FIG. 8 is a flowchart useful in understanding an operation of the synchronous motor driving device illustrated in FIG. 7.

In step SP1, a rotor position (position angle) θ is input, in step SP2, a rotation speed (motor speed) ω is calculated from the rotor position, in step SP3, a difference between a real speed and a speed command ω* is applied a PI operation (proportional, integral operation) so as to obtain an average current amplitude command, in step SP4, the torque control operation is carried out by inputting the real speed ω and the rotor position so as to obtain a changing component in current amplitude from a real speed changing component, in stop SP5, the average current amplitude command and the changing component in current amplitude are added so as to obtain and memorize an amplitude command, in step SP6, the changing component in current amplitude is multiplied by a coefficient and then shifted so as to obtain a changing component in current phase (wherein, the coefficient, shifting amount are determined experimentally, for example), in step SP7, an average phase command ω* and the changing component in current phase are added so as to obtain and memorize a phase command, in step SP8, the memorized current command and phase command are supplied to the three phase alternate current calculation section, in step SP9, each phase current is obtained and is supplied to the current-fed inverter, then the operation returns to an original processing.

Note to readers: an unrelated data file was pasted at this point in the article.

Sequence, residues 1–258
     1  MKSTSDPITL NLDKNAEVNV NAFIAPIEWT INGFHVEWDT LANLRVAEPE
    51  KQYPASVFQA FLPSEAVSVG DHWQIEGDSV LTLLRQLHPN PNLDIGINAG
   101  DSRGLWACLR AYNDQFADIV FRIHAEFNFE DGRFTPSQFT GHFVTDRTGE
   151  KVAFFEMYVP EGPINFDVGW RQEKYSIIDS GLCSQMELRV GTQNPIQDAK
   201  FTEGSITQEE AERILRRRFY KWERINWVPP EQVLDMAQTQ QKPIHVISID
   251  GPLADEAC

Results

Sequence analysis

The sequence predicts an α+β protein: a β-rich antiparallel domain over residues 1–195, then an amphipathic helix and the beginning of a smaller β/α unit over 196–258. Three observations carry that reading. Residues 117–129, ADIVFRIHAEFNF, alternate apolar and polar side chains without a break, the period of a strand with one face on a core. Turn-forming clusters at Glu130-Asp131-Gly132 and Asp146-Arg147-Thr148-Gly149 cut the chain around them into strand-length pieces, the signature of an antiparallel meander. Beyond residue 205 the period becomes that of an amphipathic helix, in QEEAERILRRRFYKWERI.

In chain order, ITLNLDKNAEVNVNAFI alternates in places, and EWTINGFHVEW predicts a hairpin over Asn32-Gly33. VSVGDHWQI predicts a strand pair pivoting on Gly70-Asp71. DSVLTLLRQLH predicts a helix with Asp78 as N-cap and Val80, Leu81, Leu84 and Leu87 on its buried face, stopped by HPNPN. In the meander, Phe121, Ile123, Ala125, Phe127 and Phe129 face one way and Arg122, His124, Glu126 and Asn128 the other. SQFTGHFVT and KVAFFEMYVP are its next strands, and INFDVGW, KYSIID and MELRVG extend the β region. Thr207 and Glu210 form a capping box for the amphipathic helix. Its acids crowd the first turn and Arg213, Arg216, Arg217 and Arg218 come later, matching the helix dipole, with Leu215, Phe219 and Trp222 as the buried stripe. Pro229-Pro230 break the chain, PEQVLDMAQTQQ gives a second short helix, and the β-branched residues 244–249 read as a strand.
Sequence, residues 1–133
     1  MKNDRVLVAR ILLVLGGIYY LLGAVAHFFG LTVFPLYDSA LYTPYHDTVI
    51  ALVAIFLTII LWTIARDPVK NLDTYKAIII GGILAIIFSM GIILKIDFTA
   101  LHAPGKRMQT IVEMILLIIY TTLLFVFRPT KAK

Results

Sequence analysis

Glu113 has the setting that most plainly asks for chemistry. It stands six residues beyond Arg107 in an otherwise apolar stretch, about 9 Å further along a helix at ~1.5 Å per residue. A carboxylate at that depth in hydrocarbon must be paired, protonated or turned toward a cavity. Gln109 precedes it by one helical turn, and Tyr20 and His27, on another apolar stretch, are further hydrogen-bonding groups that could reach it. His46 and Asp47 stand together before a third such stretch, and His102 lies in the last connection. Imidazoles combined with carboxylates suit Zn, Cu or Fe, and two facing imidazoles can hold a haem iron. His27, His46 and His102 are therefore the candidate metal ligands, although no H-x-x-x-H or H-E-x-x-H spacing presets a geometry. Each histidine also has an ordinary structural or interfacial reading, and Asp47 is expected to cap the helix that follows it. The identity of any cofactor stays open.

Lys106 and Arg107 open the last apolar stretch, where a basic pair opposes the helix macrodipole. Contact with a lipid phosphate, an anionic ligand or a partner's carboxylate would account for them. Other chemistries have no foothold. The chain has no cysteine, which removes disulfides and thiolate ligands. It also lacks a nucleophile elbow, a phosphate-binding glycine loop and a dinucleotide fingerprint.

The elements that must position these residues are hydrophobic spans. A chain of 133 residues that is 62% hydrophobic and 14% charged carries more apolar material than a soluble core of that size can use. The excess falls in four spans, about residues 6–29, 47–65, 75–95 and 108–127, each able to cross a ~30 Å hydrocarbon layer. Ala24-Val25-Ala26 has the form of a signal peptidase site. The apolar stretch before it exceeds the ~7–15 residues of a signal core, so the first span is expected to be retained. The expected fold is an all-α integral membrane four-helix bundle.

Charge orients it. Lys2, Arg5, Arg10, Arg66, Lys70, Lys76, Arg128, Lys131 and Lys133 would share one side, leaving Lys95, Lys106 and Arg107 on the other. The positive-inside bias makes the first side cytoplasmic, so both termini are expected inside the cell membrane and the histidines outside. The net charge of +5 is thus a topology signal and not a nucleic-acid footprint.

Therefore, reduction in vibration is realized by adding the average current amplitude command and the changing component in the current amplitude so as to obtain the amplitude command. Also, improvement in efficiency is realized by adding the average phase command β* from the exterior and the changing component in the current phase so as to obtain the phase command. As a result, a cyclic intermittent load is applied torque control under a maximum efficiency condition so that vibration is reduced.

Further, the synchronous motor driving device illustrated in FIG. 7 can be simplified in its arrangement in its entirety, because the device employs a voltage-fed inverter which has a main circuitry arrangement which is more simple than that of a current-fed inverter.

FIG. 9 is a block diagram illustrating a synchronous motor driving device of a further embodiment according to the present invention.